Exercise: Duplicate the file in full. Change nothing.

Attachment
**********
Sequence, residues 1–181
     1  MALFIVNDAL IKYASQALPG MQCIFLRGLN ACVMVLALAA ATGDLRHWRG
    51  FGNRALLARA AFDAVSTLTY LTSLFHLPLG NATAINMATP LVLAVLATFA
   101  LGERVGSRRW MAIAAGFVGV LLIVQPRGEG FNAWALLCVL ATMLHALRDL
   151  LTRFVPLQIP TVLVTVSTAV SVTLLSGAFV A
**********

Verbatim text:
Sequence, residues 1–181
     1  MALFIVNDAL IKYASQALPG MQCIFLRGLN ACVMVLALAA ATGDLRHWRG
    51  FGNRALLARA AFDAVSTLTY LTSLFHLPLG NATAINMATP LVLAVLATFA
   101  LGERVGSRRW MAIAAGFVGV LLIVQPRGEG FNAWALLCVL ATMLHALRDL
   151  LTRFVPLQIP TVLVTVSTAV SVTLLSGAFV A